Salk Institute researchers have shown how FDA-approved rapamycin might have an additional therapeutic effect due to its ability to target the neural damage associated with Leigh syndrome and, potentially, other neurodegenerative diseases. The drug has also been shown to alter the immune system, extend patients’ lifespan, and treat disorders such as lupus and Alzheimer’s disease.
The research paper, “Alleviation of neuronal energy deficiency by mTOR inhibition as a treatment for mitochondria-related neurodegeneration,” was published in eLife.
Rapamycin, previously shown to extend lifespan and reduce symptoms in a range of diseases, is used mainly due to its immunosuppressive and antiproliferative properties due to its ability to inhibit mTOR, a protein kinase involved in cell metabolism, growth and proliferation. Due to its immune system modulation properties, rapamycin has been shown to have potential in the treatment of lupus and Alzheimer’s. The anti-neurodegeneration effects of the drug have remained undefined, as researchers previously believed that rapamycin encouraged cells to degrade damaged components and aggregated proteins.
The team studied the effects of rapamycin on cells affected by Leigh syndrome, whose neurodegeneration is caused by a mutation in mitochondrial DNA that reduces ATP production. The diseased neurons were generated by taking cells from patients with the malignancy, reprogramming them into stem cells in culture, then stimulating them to grow into neurons in a lab dish.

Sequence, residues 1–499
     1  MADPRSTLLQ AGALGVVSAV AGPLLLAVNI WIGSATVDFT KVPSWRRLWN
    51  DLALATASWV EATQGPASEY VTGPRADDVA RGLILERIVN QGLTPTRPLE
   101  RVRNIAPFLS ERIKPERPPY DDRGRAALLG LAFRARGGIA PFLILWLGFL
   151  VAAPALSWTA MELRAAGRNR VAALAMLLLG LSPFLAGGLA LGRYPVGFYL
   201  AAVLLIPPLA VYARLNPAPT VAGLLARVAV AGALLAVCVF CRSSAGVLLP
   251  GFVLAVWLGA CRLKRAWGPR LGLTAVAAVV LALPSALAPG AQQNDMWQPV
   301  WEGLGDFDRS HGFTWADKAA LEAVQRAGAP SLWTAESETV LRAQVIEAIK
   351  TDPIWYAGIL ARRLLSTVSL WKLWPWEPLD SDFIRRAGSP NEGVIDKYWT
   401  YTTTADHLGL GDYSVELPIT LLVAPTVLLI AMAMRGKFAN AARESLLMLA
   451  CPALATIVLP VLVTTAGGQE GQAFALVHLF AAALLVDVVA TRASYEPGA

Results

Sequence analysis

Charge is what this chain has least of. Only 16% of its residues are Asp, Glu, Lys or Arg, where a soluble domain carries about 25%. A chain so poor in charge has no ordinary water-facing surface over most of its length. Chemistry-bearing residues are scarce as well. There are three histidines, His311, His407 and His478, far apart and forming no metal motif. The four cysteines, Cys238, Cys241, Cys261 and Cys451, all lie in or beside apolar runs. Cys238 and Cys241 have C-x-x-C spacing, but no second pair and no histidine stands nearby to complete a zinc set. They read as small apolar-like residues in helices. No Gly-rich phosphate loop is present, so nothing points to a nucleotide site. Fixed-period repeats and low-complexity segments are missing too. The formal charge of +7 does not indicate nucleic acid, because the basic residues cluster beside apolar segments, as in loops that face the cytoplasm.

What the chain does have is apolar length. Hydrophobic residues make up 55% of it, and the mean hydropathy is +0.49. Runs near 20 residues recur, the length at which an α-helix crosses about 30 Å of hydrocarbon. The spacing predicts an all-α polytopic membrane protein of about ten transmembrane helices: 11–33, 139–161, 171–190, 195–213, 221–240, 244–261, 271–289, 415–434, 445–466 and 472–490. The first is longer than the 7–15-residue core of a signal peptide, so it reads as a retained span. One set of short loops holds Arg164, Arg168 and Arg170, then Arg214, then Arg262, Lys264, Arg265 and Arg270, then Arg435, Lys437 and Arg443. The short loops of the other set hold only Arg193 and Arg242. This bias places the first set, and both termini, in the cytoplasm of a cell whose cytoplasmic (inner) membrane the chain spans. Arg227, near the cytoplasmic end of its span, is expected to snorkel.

In line with recent data showing that the drug has an effect on mitochondria, the scientists observed that rapamycin turned down protein production in the cells, resulting in increased levels of energy and less neurodegeneration.
“Reducing protein production in aging neurons allows more energy for the cell to put toward folding proteins correctly and handling stress,” first author Dr. Xinde Zheng said in a news release. “The impact of our finding is that modulation of protein synthesis could be a general approach to treating neurodegeneration.”
The effect resulted in a longer survival of damaged neurons. “We are surprised and delighted that rapamycin’s effect to reduce protein synthesis as an energy-austerity approach may lead to a potential treatment for mitochondria-related neurodegenerative diseases,” Prof. Rusty Gage said.
Researchers believe additional studies are necessary to confirm these results and further investigate rapamycin’s effect on cellular metabolism.